Given last week’s media blitz, no one could be blamed for wanting to take a deep breath and little down time before diving into such a collection. Keep it on your reading list, though, as the latest anniversary fades and the popular narrative around 9/11 further simplifies the complicated causes and horrific effects. Both historical distillation and timeless psychological treatise, Transforming Terror rivets and moves because it dares to recognize 9/11 not just as a painful tragedy, but an unwelcome opportunity.
Image by Bennett 4 Senate, licensed under Creative Commons.
Wednesday, June 29, 2011 11:09 AM
CAUTION: If you prefer not to read graphic descriptions of rape, you may not want to continue reading this piece.
Correspondent Mac McClelland offers no such precaution to her readers in the opening sentences of her article in Good (June 27, 2011):
It was my research editor who told me it was completely nuts to willingly get fucked at gunpoint. That’s what she called me when I told her the story. We were drunk and in a karaoke bar, so at the time I came up with only a wounded face and a whiny, “I’m not completely nuuuuts!”
It’s an interesting approach on McClelland’s part, shocking the reader with an immediate brutal image, a literary rape of sorts, and at the same time subverting the violence with a flippantly chick-lit-esque tone.
Author of the 2010 book For Us Surrender Is Out of the Question: A Story from Burma’s Never-Ending War, McClelland oscillates between the two poles—brutality and cheekiness—throughout the rest of her article. The subject is by no means frivolous. She’s writing about post-traumatic stress disorder (PTSD) in journalists, specifically her own. “As a journalist who covers human rights,” she writes, “I spend a lot of time absorbing other people’s trauma.”
After bearing witness to the paroxysmal breakdown of a Haitian rape victim named Sybille, McClelland experiences months of uncontrollable crying and what she calls “rapemares.” Any sexual thought led to violent thought: “I could not process the thought of sex without violence. And it was easier to picture violence I controlled than the abominable nonconsensual things that had happened to Sybille.” Thus the willingness to have sex at gunpoint.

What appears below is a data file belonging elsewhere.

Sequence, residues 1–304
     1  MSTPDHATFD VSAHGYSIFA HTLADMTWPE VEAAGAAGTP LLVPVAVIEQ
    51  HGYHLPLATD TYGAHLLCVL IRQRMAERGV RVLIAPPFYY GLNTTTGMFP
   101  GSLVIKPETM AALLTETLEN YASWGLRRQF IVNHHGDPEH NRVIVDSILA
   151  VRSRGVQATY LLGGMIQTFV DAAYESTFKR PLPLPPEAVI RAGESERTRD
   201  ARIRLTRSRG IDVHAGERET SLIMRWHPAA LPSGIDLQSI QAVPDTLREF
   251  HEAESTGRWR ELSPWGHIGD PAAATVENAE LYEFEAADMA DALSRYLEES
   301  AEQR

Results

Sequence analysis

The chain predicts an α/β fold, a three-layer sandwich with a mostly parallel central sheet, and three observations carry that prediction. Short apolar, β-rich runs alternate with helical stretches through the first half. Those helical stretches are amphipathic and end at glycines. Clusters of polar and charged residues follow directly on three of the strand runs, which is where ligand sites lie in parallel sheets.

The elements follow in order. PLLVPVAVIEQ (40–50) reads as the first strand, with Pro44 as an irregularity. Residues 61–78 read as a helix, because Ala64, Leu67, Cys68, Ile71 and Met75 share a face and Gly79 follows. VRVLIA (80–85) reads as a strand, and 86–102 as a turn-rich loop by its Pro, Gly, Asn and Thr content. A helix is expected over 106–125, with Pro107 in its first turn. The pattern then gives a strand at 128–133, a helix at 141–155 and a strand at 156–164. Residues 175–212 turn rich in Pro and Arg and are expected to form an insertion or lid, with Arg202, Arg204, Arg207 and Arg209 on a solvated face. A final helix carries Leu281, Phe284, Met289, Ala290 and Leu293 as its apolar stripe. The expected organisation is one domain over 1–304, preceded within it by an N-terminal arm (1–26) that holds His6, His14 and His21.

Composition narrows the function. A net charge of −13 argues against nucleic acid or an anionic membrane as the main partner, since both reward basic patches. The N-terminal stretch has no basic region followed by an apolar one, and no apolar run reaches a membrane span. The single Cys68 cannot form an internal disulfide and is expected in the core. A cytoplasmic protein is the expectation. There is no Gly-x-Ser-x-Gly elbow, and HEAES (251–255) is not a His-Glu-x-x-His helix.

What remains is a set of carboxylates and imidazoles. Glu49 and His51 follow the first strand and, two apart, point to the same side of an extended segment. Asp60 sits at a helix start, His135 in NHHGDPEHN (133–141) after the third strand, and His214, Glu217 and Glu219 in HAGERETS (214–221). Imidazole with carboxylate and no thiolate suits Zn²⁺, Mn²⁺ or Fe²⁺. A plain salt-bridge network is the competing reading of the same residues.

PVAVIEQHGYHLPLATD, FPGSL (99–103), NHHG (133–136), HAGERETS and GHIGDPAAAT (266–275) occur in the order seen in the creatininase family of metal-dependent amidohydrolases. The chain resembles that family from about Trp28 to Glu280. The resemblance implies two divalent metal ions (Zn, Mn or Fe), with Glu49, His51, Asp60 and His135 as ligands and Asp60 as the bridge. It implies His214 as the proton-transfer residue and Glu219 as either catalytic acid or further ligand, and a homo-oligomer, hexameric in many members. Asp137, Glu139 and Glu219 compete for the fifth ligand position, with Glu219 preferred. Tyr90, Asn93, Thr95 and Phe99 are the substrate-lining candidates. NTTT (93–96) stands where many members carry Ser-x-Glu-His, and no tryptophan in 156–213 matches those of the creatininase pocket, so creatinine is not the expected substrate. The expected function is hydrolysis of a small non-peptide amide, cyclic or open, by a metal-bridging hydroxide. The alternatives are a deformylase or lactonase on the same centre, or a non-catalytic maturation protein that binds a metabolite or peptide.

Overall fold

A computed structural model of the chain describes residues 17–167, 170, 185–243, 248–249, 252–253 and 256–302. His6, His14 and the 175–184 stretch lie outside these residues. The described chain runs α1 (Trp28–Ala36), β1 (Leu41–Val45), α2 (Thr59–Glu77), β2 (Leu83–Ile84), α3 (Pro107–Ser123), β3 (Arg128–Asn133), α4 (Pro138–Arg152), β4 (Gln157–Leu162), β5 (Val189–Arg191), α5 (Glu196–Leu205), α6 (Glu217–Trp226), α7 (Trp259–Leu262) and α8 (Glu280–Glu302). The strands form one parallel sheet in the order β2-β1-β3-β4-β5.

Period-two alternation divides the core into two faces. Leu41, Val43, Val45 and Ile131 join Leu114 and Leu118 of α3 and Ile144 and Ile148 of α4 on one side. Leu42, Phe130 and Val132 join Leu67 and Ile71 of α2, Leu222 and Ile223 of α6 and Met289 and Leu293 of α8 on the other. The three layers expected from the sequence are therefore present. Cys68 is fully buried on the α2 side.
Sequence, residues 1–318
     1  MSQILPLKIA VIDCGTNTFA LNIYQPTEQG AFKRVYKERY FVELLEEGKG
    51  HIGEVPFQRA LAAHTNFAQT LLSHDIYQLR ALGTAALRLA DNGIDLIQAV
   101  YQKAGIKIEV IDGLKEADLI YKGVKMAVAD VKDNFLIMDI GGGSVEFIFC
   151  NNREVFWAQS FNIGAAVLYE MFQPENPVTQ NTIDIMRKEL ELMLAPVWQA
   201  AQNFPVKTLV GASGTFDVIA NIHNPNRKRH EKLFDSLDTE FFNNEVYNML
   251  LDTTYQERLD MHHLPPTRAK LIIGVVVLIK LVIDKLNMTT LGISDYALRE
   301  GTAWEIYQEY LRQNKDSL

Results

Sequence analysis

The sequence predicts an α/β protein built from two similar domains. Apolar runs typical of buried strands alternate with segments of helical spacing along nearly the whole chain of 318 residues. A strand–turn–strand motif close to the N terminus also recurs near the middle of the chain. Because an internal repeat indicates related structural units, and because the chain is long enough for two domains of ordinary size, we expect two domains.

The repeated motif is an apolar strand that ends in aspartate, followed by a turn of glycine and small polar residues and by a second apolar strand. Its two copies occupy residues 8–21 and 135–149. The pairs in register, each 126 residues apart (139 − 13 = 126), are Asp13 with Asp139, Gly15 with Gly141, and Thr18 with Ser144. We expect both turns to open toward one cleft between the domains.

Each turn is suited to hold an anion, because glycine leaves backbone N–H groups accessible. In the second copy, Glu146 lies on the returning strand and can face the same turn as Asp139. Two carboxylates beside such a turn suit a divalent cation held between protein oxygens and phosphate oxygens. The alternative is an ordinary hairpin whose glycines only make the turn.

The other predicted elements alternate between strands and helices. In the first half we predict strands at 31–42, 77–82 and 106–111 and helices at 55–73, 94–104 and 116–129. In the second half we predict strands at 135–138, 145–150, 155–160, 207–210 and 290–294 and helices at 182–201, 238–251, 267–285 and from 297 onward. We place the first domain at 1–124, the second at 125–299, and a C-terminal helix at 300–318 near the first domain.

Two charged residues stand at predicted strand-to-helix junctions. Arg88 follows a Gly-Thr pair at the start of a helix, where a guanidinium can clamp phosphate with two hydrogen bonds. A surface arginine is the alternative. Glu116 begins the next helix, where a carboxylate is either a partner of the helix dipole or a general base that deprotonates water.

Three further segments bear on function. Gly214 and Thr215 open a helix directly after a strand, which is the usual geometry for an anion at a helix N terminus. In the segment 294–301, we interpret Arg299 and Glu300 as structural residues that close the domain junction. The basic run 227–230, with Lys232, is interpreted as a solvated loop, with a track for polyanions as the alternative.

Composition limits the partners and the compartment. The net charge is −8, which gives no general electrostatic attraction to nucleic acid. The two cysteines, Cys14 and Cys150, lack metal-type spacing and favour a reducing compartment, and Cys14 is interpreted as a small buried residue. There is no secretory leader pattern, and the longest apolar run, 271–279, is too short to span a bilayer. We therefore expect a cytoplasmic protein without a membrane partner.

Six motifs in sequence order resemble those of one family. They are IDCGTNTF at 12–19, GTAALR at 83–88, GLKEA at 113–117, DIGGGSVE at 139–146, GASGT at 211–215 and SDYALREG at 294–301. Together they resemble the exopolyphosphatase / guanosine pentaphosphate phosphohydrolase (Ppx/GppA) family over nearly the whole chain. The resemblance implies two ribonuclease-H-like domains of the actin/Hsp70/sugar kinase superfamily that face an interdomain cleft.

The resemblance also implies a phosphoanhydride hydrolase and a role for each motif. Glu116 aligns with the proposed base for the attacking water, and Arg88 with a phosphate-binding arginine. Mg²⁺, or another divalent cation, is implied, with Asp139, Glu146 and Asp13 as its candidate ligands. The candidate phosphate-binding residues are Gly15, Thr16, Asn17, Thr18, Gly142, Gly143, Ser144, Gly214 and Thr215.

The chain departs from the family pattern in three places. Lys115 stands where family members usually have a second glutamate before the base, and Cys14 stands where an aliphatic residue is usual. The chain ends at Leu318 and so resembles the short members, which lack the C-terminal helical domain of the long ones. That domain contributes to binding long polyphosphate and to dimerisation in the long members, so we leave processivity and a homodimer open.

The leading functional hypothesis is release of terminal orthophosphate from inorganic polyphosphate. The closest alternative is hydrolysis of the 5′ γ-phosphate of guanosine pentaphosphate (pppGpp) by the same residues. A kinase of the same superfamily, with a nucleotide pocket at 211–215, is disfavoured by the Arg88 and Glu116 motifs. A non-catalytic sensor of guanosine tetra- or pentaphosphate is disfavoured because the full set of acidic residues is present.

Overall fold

I support every woman’s right to choose what’s right for herself, sexually. If McClelland wants to experience violent sex in the name of self-therapy, that’s her prerogative. Although I don’t buy it, and that’s my prerogative. If I were her friend, I probably would have tried to talk her out of it.
The piece has earned McClelland immediate praise. And perhaps, for her, it did help her overcome her trauma. She doesn’t claim that her article is a handbook to overcoming PTSD. Nor is it a handbook to role play sex (in which case she would surely mention the use of a safeword, for the love of god). McClelland is simply sharing one experience of PTSD, making one more woman’s voice known, and that contains value.
I don’t support the self-indulgent way she writes about it, however. McClelland seems to enjoy unseating her reader too much. As just one example, she did not have sex at gunpoint. She did willingly get pinned down and punched in the face during sex by a trusted ex who “loved and respected” her and with whom she’d “done this sort of thing before.” Which means McClelland opens the essay with an unearned image. Then, after raising some truly compelling issues about the horrors endured and absorbed by journalists, she concludes her piece with a description of the pinning and the punching. The detailed scene of her “willing rape” feels like a gratuitous conclusion to a real issue. By the time I was done reading, I felt brutalized and assaulted. Which may be a clever literary trope, but, hey, I’m not the one looking to feel raped.